A month after I started a new group, Lisa called. Lisa had heard about my weight loss group from her best friend and insisted that I start a new one immediately because she couldn’t wait for the next group I’d scheduled. I responded that I didn’t have enough people for a new group, so Lisa promised to bring ten friends to the meeting. I declined politely, but Lisa wouldn’t give up. She called every day, telling me that she already had a group of fifteen friends eagerly waiting for the group to start. Eventually I gave in and agreed to start a new weight loss group.
Five of Lisa’s closest friends attended the meeting, but guess who didn’t show up.
I know it’s hard to believe, but Lisa didn’t come!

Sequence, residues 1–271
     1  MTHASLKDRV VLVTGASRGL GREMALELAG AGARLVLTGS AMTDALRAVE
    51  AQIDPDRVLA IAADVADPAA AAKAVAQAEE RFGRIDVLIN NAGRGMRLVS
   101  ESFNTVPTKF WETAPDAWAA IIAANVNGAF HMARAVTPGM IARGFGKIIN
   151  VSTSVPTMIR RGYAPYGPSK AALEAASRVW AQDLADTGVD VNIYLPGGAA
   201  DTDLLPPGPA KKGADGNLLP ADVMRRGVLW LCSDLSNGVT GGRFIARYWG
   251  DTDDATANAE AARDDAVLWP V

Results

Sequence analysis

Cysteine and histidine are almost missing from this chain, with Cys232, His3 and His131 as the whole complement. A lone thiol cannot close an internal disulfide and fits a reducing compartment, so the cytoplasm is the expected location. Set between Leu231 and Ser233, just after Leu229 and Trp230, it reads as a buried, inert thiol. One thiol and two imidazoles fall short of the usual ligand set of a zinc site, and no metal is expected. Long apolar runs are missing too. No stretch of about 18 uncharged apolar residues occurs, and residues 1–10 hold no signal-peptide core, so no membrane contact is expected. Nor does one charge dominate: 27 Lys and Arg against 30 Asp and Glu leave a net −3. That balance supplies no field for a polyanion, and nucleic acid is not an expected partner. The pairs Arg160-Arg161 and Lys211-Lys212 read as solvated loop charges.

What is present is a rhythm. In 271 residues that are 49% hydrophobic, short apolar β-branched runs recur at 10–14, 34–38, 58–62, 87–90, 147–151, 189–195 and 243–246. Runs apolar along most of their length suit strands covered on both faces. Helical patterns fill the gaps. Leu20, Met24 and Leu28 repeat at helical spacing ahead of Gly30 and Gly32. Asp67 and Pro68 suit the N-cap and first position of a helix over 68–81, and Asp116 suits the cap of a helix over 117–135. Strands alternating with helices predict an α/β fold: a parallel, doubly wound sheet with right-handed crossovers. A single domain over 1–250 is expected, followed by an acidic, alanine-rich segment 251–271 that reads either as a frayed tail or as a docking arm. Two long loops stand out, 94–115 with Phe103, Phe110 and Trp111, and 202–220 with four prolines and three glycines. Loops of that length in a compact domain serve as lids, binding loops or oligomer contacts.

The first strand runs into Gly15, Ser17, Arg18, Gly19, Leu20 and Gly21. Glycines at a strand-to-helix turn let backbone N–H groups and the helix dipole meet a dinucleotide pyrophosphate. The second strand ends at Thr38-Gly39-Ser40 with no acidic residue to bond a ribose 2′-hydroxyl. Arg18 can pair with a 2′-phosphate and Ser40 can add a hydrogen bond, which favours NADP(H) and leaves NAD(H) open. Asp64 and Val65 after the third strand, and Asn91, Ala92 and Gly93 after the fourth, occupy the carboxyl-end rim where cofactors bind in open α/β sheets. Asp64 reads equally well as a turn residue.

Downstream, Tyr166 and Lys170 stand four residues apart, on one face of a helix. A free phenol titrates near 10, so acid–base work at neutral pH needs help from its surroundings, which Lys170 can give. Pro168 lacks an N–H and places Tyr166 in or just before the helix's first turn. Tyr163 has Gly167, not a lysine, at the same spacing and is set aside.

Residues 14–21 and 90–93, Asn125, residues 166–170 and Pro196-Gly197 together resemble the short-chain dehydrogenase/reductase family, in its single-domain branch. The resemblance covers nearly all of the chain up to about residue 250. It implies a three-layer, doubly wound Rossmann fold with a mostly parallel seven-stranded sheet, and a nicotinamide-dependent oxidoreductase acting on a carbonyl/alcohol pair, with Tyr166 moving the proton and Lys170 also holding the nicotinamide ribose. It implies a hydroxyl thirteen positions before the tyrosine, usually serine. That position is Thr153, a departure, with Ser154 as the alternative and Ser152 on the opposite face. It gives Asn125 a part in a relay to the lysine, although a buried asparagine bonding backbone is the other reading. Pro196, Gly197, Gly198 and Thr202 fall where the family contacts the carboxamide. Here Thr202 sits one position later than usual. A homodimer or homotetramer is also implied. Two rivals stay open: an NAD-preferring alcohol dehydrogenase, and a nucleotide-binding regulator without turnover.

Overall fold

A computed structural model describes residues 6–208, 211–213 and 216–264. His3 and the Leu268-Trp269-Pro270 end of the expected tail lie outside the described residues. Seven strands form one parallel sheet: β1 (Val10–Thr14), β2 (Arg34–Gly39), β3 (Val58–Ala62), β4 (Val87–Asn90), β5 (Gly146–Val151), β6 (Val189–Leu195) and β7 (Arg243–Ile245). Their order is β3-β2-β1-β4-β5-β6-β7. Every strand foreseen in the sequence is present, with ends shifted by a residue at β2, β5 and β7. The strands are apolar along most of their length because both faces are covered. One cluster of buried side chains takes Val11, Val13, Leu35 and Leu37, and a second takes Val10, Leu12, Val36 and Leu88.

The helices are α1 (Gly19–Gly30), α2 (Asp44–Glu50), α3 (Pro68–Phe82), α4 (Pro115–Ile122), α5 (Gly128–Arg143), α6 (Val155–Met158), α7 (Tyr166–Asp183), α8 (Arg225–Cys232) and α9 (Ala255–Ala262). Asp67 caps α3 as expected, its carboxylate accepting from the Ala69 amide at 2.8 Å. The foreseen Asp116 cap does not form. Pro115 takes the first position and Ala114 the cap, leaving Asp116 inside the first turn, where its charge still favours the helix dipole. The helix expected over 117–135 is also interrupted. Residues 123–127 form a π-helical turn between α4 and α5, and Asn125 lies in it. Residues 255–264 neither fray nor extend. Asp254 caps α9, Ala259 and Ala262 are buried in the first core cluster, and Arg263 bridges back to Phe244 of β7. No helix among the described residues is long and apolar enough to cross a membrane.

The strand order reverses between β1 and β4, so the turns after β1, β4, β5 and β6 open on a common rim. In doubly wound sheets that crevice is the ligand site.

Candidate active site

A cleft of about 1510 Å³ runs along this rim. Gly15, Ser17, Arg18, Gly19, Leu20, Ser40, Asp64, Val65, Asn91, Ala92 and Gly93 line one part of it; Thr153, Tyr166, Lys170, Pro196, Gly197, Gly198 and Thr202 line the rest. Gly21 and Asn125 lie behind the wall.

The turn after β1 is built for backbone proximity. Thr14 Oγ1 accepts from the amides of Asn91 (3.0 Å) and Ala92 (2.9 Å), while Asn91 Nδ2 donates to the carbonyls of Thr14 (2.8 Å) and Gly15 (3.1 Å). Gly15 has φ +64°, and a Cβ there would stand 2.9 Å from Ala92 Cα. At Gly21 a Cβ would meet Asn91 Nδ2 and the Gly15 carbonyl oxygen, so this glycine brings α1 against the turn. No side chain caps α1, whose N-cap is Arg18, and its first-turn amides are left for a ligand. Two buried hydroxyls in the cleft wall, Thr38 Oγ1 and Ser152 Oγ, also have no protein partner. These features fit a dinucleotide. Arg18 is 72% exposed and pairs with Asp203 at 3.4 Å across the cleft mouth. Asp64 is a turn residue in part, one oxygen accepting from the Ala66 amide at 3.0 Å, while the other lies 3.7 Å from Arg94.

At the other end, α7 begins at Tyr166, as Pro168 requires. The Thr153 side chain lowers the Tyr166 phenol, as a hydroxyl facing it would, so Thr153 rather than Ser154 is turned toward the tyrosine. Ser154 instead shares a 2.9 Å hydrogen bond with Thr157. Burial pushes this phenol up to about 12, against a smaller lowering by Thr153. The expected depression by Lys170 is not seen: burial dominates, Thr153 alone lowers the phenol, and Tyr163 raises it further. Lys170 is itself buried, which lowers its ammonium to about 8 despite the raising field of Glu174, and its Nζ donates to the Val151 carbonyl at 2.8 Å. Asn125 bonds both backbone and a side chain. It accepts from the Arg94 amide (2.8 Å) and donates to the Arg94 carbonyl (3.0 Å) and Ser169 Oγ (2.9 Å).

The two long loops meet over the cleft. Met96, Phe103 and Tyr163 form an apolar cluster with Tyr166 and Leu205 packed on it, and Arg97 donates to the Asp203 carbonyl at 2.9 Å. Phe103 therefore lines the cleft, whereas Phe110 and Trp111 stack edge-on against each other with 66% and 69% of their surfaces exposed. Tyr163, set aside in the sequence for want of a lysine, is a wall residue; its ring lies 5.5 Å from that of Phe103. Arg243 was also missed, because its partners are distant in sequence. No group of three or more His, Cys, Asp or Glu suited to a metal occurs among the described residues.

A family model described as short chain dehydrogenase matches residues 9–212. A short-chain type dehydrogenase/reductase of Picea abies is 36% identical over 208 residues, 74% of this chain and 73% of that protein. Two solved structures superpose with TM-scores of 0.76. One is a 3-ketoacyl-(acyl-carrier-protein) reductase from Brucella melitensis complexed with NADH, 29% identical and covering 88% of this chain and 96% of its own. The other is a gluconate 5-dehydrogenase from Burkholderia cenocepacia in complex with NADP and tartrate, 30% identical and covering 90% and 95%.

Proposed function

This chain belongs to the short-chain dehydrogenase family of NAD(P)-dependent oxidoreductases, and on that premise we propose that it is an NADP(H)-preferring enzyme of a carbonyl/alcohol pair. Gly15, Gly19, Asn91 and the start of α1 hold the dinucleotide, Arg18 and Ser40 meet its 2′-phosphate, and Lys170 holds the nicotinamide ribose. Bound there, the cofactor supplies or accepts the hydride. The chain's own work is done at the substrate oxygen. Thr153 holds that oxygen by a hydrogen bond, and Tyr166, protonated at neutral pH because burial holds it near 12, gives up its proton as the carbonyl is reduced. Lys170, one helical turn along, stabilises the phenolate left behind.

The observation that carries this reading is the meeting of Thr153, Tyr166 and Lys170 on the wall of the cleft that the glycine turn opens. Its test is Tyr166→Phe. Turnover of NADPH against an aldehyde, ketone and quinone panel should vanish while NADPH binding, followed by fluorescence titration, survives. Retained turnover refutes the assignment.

Lisa called the next day and promised to attend next time.
Three women attended the second meeting, and Lisa was not among them. Now I was forced to continue leading this small group on an inconvenient day and at an inconvenient location.
All leaders who use the Kosloff Method have experienced this puzzling phenomenon. Some people are willing to trouble themselves to convince the leader and their friends to start a group, but they’re not willing to make even a small effort to lose weight. There is a simple solution to this situation: ask the person who claims to represent a group of potential members to give you a list of names and telephone numbers. Call each person to find out if she is really interested in joining the group.